I’ve been reading William Playfair’s Commercial and Political Atlas, in which he invented the line chart. In the book, Playfair examines the imports and exports between Britain and various countries. To illustrate these trade relationships, Playfair created the first ever line charts that show the change in trade over time.
Each section of the book covered a different country, and each one contained a chart that showed the imports and exports like this:
I’ve been captivated by these charts and wanted to recreate them, but with modern data. You can find tons of US trade data at the US Census Bureau’s website, including a spreadsheet that has all the data in one place. I downloaded that data and put together a little application to create Playfair-esque charts.
The app displays all the countries that the US has trade data for, month by month going back as far as 1985. Each country is displayed in the list on the left with a sparkline chart of the trade data. A red fill indicates we are importing from a given country more than we are exporting, and a light green fill indicates we are exporting more than we are importing.
Exploring the data
The charts tell some really interesting stories. Some of the charts show a nearly identical relationship of imports to exports, both growing at the same rates, like these charts of the UK and Guatemala.
Or we can see what imposing sanctions on a country looks like, as illustrated by sanctions on Burma that were put into place in 2003:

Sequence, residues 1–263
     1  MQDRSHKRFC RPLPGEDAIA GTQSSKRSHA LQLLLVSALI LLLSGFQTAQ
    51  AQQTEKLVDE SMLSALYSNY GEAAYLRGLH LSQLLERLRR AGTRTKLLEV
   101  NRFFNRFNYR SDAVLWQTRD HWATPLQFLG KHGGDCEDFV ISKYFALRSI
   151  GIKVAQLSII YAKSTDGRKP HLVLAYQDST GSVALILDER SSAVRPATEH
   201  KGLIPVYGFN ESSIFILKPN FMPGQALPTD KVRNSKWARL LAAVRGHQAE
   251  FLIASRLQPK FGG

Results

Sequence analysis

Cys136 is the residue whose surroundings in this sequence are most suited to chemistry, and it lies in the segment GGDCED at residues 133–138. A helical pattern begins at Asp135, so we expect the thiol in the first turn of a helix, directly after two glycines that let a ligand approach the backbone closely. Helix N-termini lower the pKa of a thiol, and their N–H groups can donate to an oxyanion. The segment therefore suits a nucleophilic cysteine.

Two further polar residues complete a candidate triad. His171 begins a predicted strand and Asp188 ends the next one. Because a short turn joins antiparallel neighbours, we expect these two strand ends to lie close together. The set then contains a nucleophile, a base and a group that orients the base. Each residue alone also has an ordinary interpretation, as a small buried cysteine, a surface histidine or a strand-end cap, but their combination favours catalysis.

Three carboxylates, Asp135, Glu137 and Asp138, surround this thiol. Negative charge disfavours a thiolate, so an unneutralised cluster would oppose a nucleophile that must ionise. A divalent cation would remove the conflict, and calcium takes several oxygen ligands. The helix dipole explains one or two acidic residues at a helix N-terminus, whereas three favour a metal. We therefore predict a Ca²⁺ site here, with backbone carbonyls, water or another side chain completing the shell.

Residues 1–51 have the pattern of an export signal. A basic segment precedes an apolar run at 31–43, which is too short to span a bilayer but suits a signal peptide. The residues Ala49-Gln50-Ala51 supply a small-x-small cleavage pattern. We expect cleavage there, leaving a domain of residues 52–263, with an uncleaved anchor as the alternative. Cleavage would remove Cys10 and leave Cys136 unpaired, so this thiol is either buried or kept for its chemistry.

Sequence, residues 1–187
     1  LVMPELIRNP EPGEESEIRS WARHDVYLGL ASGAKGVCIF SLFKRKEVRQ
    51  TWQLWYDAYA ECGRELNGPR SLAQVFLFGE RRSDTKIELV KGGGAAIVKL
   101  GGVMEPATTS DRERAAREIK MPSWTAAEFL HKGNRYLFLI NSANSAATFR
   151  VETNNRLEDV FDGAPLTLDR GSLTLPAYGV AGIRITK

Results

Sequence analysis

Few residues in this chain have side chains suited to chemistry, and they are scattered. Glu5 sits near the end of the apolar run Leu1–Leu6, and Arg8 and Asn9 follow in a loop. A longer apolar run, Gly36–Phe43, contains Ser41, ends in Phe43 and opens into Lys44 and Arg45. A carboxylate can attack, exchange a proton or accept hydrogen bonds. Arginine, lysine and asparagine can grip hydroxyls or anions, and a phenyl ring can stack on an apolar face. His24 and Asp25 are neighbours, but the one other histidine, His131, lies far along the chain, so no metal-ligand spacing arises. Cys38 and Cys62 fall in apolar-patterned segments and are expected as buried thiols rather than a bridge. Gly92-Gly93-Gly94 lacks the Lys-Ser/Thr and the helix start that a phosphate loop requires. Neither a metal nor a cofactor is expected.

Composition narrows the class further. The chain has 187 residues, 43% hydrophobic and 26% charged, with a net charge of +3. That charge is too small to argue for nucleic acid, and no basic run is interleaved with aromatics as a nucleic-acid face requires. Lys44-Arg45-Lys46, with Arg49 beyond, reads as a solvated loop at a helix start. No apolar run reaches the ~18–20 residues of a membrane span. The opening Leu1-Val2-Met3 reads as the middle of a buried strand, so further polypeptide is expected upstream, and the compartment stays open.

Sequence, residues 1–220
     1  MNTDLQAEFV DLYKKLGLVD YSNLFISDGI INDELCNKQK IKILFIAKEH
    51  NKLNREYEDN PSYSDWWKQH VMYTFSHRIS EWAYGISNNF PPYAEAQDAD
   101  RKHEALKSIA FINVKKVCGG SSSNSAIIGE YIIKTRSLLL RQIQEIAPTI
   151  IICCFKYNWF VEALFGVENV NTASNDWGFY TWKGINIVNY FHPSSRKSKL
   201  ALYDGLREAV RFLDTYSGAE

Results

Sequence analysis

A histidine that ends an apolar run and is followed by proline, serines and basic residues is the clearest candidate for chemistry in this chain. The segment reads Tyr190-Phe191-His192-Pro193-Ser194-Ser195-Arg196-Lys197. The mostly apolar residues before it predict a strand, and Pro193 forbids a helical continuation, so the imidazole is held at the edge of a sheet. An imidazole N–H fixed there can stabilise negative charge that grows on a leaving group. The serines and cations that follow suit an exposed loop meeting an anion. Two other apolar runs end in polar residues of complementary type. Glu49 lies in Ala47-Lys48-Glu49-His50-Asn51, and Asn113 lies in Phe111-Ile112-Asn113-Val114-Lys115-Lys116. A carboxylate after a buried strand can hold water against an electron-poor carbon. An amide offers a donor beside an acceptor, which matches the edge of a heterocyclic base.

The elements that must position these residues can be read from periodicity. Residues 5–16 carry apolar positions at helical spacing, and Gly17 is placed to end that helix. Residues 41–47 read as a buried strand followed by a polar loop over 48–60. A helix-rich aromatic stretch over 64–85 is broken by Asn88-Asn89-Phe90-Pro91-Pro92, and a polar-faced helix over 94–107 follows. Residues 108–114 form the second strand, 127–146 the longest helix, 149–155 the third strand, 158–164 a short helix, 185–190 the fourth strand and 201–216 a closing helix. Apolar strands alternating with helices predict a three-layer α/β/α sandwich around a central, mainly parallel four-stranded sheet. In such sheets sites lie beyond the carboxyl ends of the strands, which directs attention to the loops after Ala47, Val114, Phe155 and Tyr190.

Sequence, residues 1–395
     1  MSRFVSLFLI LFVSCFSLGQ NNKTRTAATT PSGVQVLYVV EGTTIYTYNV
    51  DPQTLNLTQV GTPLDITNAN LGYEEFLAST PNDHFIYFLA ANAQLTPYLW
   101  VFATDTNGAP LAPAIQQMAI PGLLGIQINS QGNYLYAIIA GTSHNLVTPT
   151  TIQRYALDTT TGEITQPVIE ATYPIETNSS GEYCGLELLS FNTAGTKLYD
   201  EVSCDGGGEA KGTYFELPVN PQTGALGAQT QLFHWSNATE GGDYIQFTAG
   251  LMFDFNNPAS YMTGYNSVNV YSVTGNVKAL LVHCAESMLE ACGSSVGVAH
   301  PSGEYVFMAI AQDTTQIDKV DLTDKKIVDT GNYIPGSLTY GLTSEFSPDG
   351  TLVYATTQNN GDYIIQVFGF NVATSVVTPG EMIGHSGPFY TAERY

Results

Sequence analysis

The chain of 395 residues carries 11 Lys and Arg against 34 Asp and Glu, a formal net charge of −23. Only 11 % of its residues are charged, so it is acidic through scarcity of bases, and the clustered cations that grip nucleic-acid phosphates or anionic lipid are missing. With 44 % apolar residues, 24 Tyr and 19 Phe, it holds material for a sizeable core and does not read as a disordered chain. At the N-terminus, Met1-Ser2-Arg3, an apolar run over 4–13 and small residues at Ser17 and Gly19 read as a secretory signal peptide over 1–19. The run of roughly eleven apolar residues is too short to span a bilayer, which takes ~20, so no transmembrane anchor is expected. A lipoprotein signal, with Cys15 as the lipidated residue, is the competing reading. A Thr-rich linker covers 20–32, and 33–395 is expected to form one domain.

Or what a coup in Haiti looks like:
Or what a massive tsunami can do to a place like the Maldives:
And one final one that I find very interesting, isn’t a country, but the import and export of what is classified as “Advanced Technology Products“, which includes things like biotech and advanced electronics products. Notice how up until the early 2000s we were exporting more of these products than we were importing, but by 2002 that balance shifted and the gap continues to increase:
I had fun creating this app, but one thing I didn’t expect was how much fun researching the charts was going to be. The charts that stuck out with trends that were abnormal all had interesting stories to tell about the history of the country.
In closing, I’ll end with a quote from Playfair in which he describes the concept of displaying numeric values in a line chart (remember, he was the first person to actually do this):
As the eye is the best judge of proportion, being able to estimate it with more quickness and accuracy than any other of our organs, it follows, that wherever relative quantities are in question … this mode of representing it is peculiarly applicable; it gives a simple, accurate, and permanent idea, by giving form and shape to a number of separate ideas, which are otherwise abstract and unconnected.
Well said, Mr. Playfair, well said. Your charts are just as effective nearly 200 years later.
- One of the first time-series line charts ever drawn was a visualization of the great American credit crisis (but probably not the credit crisis that comes immediately to mind). If you were to look at this chart today you might even mistake it for the charts of the housing credit…